Compelling CX Strategies: It’s the Stories They Tell that Make the Difference
Thank you so much to those of you who attended my recent webinar, The Backbone of a Compelling CX Strategy. I had fun pulling it together, especially inventing a make-believe B2B company and key artifacts for their made-up compelling CX strategy. I hope something I shared will help you in your work, whether it was a new idea or a different take on something you’re familiar with.
As I’m reflecting on the talk, I realize that, while I shared my thoughts and details about the four critical artifacts that make up a compelling CX strategy, I didn’t really talk about how they do this. I think we can all agree that there are very few corporate environments where having a compelling CX strategy—if you have one at all—isn’t important. It’s not enough to have a smart, comprehensive, or resilient CX strategy, although these qualities are critical. If a CX strategy isn’t compelling, it’s likely to end up sitting on a shelf with other good work that points to but never amounts to real change.
We said that a compelling CX strategy is a good CX strategy; it is grounded in customer needs, focused on deepening customer relationships, and practical “enough” given a company’s current offerings. Beyond this, a compelling strategy also has the buy-in and momentum needed for a company to take the necessary steps to bring it to fruition. Insights, journey maps, a vision, and illustrative scenarios are the keys to this, but why?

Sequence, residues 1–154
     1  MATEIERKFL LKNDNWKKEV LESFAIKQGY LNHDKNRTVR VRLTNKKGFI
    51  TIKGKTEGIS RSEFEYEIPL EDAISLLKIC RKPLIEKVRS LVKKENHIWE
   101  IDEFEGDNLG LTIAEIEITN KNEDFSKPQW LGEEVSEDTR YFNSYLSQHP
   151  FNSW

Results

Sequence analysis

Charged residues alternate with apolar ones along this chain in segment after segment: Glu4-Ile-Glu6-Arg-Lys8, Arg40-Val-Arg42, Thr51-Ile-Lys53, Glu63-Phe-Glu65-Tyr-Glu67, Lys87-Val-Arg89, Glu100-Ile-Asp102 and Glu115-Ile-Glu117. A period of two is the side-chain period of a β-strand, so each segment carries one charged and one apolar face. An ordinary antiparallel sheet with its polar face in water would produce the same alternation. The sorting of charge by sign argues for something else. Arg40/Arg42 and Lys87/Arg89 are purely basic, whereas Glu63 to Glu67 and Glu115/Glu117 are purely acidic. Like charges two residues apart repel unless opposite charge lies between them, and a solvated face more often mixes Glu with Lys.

These four artifacts, taken together, do two things.
- Insights and journey maps build empathy within a company for its customers, allowing a glimpse into their [collective] lives and exposure to the very real frustrations they have in areas where the company might be able to make a difference for them.
- A CX vision and illustrative scenarios inspire companies with something that feels real to them, whether a recommitment to or evolution of the value they can provide as partners to customers, or a rendering of what that might be like with the right people, processes, and tools in place.
So, in short, companies that prioritize these four artifacts can see where their customers need help, and how they can be the ones to provide it. The artifacts, taken together, tell this story. They build emotional connections between companies and their customers, as well as between companies and themselves, as they shape their futures. These emotional connections and direction suggested by the vision and scenarios can be exactly what’s needed to ensure that good strategy isn’t forgotten or deemed too abstract.
Another note: At the end of the webinar, we identified these artifacts as “living.” For a CX strategy to remain compelling over time, it has to remain relevant. Technology changes; new competitors emerge; people’s expectations and perceptions of “normal” evolve—and CX strategies need to stay aligned with these things. This means that they need to be revisited continually, in small ways, over the course of projects they influence, and comprehensively at an appropriate cadence (likely every 2-5 years, depending on the industry). A CX strategy is only as good—and as compelling—as a company’s willingness to revisit it as customers’ contexts and preferences shift.
Photo Credit: Paul Blenkhorn | Unsplash
Kat Kollett is the Director of Customer Experience Strategy, leading the CX Strategy team. She brings a multidisciplinary, user-focused approach to innovations in brand, digital, analog, environmental, and interpersonal experiences, and helps clients apply those innovations to meet their strategic objectives.
When I was little: I wanted to be a math professor like my dad (turned out not a good fit), and then an architect. The built environment still calls to me.
Creative outlets (other than work): Homemade Halloween costumes and birthday cakes for my kid, and making toys out of cardboard boxes.